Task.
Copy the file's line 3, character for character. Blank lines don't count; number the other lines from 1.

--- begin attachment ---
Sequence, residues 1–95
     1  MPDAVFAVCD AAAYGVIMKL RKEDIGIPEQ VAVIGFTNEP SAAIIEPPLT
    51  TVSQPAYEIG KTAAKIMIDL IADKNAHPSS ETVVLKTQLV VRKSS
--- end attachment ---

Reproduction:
    51  TVSQPAYEIG KTAAKIMIDL IADKNAHPSS ETVVLKTQLV VRKSS